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Garza v. State

May 19, 2010

RICHARD JAMES GARZA, APPELLANT (DEFENDANT),
v.
THE STATE OF WYOMING, APPELLEE (PLAINTIFF).



Appeal from the District Court of Laramie County The Honorable Peter G. Arnold, Judge.

The opinion of the court was delivered by: Golden, Justice.

Before VOIGT, C.J., and GOLDEN, HILL, KITE, BURKE, JJ.

[¶1] Appellant Richard James Garza appeals from the Judgment and Sentence convicting him of two counts of second degree sexual assault and imposing a combined prison sentence of twenty-one to twenty-seven years. Garza contends the district court erred at trial in admitting certain evidence and in instructing the jury, relied on improper factors in sentencing him, and erred in denying his motion for a new trial. We affirm.

ISSUES

[¶2] Garza offers these issues for our consideration:

I. Did the [district] court abuse its discretion when it allowed into evidence telephone recordings when said recordings were not proper impeachment material, and were not otherwise relevant?

II. Did the district court abuse its discretion when it denied Appellant‟s motion for a new trial based on unsupported assumptions not in the record?

III. Did the district court err when it used factors which were neither found by the jury, nor allowed to be addressed by Appellant against him at his sentencing?

IV. Did the district court‟s instruction to the jury that corroboration of a victim‟s testimony is not necessary to obtain a conviction for sexual assault, confuse or mislead the jury or place improper emphasis on the victim‟s testimony?

FACTS

[¶3] The underlying facts of Garza‟s crimes are not of any special significance to the issues raised in this appeal, and we will not recite them in detail. It suffices to note that, on June 19, 2007, MG notified the Cheyenne Police Department that her nine-year-old daughter, JM, had been sexually assaulted by Garza. Subsequent interviews of JM indicated Garza had sexually abused her over a period of years -- starting when she was about four or five years old -- and that the abuse included vaginal and anal penetration, as well as oral sex. A sexual assault examination conducted on June 19 revealed a notch, or healed tear, on JM‟s hymen and a tender, red area inside the labia.

[¶4] The State ultimately charged Garza with four counts of second degree sexual assault under Wyo. Stat. Ann. § 6-2-303(a)(v) (Lexis 2005), and one count of third degree sexual assault under Wyo. Stat. Ann. § 6-2-304(a)(ii) (LexisNexis 2005).*fn1 In May 2008, a jury found Garza guilty on two counts of second degree sexual assault and acquitted him on the remaining charges. Garza filed a motion for new trial in September 2008 on the ground that JM had recanted her allegations of sexual abuse. After a hearing, the district court denied the motion. The district court later sentenced Garza to consecutive terms of imprisonment of eleven to fifteen years on one count and ten to twelve years on the other count. Additional facts will be set forth as necessary in our discussion of Garza‟s appellate issues.

DISCUSSION

Admission of Tape Recordings

[¶5] At trial, Garza‟s girlfriend, KV, was called by the State in its case-in-chief to testify regarding her recollection of the events on June 17, 2007, the last day JM alleged Garza had assaulted her. Immediately before KV testified, the prosecutor, defense counsel, and the district court discussed the use of certain tape recorded conversations between Garza and KV which occurred while Garza was incarcerated in the Laramie County Detention Center awaiting trial in this case. The prosecutor indicated she would use the recordings for impeachment, pursuant to W.R.E. 613 and 801(d), only if KV denied making certain statements.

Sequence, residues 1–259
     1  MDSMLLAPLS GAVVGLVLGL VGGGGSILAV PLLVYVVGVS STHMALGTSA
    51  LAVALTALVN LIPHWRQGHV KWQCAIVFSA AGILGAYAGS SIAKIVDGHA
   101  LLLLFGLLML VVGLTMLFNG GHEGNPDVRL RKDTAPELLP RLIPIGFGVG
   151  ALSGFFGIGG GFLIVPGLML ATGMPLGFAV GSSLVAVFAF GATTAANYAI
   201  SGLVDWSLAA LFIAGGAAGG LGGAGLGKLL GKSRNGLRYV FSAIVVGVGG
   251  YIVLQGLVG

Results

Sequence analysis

[¶6] During KV‟s testimony, the prosecutor attempted to use the recordings, and defense counsel objected. Defense counsel argued that the prosecutor was impermissibly using the recordings in an attempt to introduce statements made by Garza to KV as substantive evidence in the State‟s case rather than for the stated purpose of impeaching KV with her prior statements. Defense counsel further maintained that Garza‟s statements to KV were inadmissible hearsay and irrelevant to the issues at trial. The district court ultimately determined that the tape recordings, which indicated an attempt by Garza to influence the testimony of prospective witnesses, were admissible under W.R.E. 801(d)(2)(A) as admissions of a party opponent.*fn2 The district court specifically found Garza‟s statements to be relevant because they tended to show "indicia of guilt." The district court also found that the recordings were relevant and admissible insofar as they could impeach KV‟s testimony.

[¶7] Garza asserts reversible error in the admission of the tape recordings. He essentially argues, in a nonsensical and confusing manner, that the recordings were improper impeachment material and otherwise irrelevant, inadmissible evidence. In reviewing the propriety of the district court‟s evidentiary ruling, we are guided by the following principles:

Evidentiary rulings are within the sound discretion of the trial court and include determinations of the adequacy of foundation and relevancy, competency, materiality, and remoteness of the evidence. This Court will generally accede to the trial court‟s determination of the admissibility of evidence unless that court clearly abused its discretion. We have described the standard of an abuse of discretion as reaching the question of the reasonableness of the trial court‟s choice. Judicial discretion is a composite of many things, among which are conclusions drawn from objective criteria; it means exercising sound judgment with regard to what is right under the circumstances and without doing so ...


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